My Simple and Inexpensive Grocery List

Over the past year, most of us have been pushed to cook more than ever. I know I have. Also, I've noticed that the cost of food is rising, and unfortunately many people have to do without.

So I'm sharing my grocery list because it's simple and the ingredients are easily accessible. I hope it helps those who are facing larger grocery bills to wade into using veggies and fruits more effectively. Meals where meat is the main item are expensive (ribs, roasts, drumsticks, 9 piece meals, BBQ, burger patties). Meals where meat is simply another ingredient, like in soups, pastas, salads, or rice bowls, are less expensive.

Having been on food stamps in the past myself, I hope this could also help others use their EBT funds more effectively. I really wish I had this list years ago. Way healthier and cost effective than buying a bunch of frozen pizzas.

With my current lifestyle, I think that if I didn't have this list, having food delivered to my home would not be financially plausible. This list has kept me out the grocery stores and in my house (or car when getting curbside)during this pandemic.

This list is not absolute. I also like to add a couple of seasonal food items to switch things up. Feel free to add anything that makes it more you. Plus this list can easily be adjusted to fit vegan, vegetarian, dairy free, and gluten free diets. At the end of this list are some notes and tips for making fast meals with the following ingredients.

  • Spinach
  • Kidney beans
  • Onions
  • Garlic
  • Carrots
  • Tomatoes (Both canned and fresh)
  • Black beans
  • Baked beans
  • Apples
  • Bananas
  • Sweet potatoes
  • White potatoes
  • Green leaf lettuce
  • Cilantro
  • Bell peppers
  • Dark chocolate chips
  • Oatmeal
  • Mandarins
  • Pineapple
  • Thyme
  • Bullion cubes/stock for soup
  • Pasta Sauce (Tomato based sauces are the most versatile)
  • Cinnamon
  • Olive oil
  • White wine vinegar
  • Mushrooms
  • Paprika
  • Rice
  • Noodles
  • Caribbean and/or Creole seasoning
  • Sea salt
  • Salt
  • Pepper
  • Cumin
  • Parsley
  • Onion powder
  • Garlic powder
  • Peanut butter
  • Honey
  • Pickles
  • Crackers

Animal protein: Chicken, fish, eggs, beef

Dairy: Butter, ghee, goat cheese with herbs, yogurt

Other extras: Wraps, nuts, seeds, dried fruit, bread loaf, jelly, berries, olives, ketchup, cookies, juice, coffee, tea, frozen fruit

Extra-Extras: Furikake Rice Seasoning, Hojicha green tea, Seaweed (Nori), Dashi Power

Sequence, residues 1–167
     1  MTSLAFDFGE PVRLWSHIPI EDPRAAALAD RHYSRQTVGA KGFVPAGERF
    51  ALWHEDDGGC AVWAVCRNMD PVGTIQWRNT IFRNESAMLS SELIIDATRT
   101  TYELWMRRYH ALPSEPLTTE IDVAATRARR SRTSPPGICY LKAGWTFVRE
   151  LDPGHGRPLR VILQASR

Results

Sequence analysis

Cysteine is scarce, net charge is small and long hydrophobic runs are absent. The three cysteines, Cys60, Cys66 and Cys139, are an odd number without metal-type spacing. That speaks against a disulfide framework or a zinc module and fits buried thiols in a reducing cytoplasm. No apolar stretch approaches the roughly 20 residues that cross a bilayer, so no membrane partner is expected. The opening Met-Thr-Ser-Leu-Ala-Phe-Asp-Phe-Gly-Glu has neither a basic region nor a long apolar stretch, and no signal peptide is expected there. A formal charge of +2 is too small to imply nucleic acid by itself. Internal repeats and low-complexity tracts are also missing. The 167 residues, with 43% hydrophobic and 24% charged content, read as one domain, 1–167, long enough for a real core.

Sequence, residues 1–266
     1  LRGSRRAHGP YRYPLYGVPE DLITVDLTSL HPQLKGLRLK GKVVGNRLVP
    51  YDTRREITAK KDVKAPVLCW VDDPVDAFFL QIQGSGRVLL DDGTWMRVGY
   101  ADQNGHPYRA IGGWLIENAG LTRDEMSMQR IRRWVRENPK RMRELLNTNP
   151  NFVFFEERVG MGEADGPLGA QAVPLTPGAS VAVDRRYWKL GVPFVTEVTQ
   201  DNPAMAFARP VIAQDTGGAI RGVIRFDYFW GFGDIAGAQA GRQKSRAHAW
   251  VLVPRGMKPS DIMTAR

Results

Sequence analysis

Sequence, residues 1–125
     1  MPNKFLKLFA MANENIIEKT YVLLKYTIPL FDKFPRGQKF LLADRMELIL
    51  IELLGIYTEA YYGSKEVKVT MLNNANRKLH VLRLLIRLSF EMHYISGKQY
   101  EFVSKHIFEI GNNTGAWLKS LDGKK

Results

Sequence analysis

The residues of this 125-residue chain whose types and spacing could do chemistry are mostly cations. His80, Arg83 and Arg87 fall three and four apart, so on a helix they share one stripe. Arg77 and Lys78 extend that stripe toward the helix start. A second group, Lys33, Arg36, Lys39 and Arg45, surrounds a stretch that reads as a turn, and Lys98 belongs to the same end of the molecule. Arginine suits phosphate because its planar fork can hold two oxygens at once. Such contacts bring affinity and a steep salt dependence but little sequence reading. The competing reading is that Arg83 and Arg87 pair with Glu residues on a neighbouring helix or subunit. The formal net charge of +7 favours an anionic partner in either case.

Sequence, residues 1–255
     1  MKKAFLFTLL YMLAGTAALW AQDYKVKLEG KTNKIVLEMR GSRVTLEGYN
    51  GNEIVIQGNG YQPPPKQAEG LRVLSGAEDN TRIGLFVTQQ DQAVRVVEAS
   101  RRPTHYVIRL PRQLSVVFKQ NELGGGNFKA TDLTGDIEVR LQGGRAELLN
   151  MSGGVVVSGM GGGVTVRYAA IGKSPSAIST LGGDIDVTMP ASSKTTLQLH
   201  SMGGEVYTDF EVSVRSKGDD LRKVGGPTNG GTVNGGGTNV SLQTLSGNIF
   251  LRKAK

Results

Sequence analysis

• The majority of the produce on this list can be bought canned, fresh, or frozen.
  • Chicken, fish, and beef can be bought canned, fresh or frozen. Chicken can often be bought precooked as well. Other than rotisserie chicken, canned chicken and some frozen chicken is precooked. I confess, I actually love using canned beef with gravy for recipes. I rinse off the gravy and add the nice tender meat to soups and other dishes.
  • To save money and time, buy frozen and canned. Beans are more convenient canned, but if money is more of an issue than time, buy dried beans. And use less meat!!! I find that having beans + meat is very filling. If your not sure how to pair meat with beans, here's a simple place to start: Chicken + Black beans. Beef + Kidney Beans.
  • Batch. Whenever I can, I try to process fresh food in one go. For example, if I need to slice a tomato, I don't stop at one tomato. I slice all of them at once, so they're ready when I need them. I also try to cook all fresh meat at the same time too. By the way, cooked meat can be frozen, creating a quick way to add meat to meals when in a rush.
  • To optimize health, buy fresh, especially if products are in season. Also buy frozen. Canned veggies and beans are also available with salt free and organic options.
  • White wine vinegar + Olive oil + a spritz of lemon juice + sea salt + pepper = a simple tasty salad dressing.
  • Why goat cheese? Goat cheese is crazy versatile. If sprinkled on top of a salad with the above dressing, it mixes to create a slightly creamy dressing. Goat cheese with herbs is great when added to noodles when there is no pasta sauce on hand. It's also good in on top of pasta sauce or mixed into a cold pasta salad. It also tastes good on crackers.
  • Why ghee? It's shelf stable and can last forever. It tastes amazing on bread. I have enjoyed adding a little to my oatmeal in the morning, or using it as an occasional oil replacement.
  • Respect spinach: not only is it nice for making salads, but it can also be easily tossed into soups or pasta sauces as it ages. Plus it freezes well.